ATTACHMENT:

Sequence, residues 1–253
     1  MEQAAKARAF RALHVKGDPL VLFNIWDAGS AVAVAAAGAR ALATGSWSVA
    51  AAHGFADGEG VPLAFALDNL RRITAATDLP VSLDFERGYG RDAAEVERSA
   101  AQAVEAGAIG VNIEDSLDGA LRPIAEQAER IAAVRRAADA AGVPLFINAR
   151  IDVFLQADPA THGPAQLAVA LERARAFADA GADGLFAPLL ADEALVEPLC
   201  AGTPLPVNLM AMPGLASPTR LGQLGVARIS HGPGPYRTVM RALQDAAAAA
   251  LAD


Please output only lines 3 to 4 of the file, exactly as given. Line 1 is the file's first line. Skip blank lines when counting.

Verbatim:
    51  AAHGFADGEG VPLAFALDNL RRITAATDLP VSLDFERGYG RDAAEVERSA
   101  AQAVEAGAIG VNIEDSLDGA LRPIAEQAER IAAVRRAADA AGVPLFINAR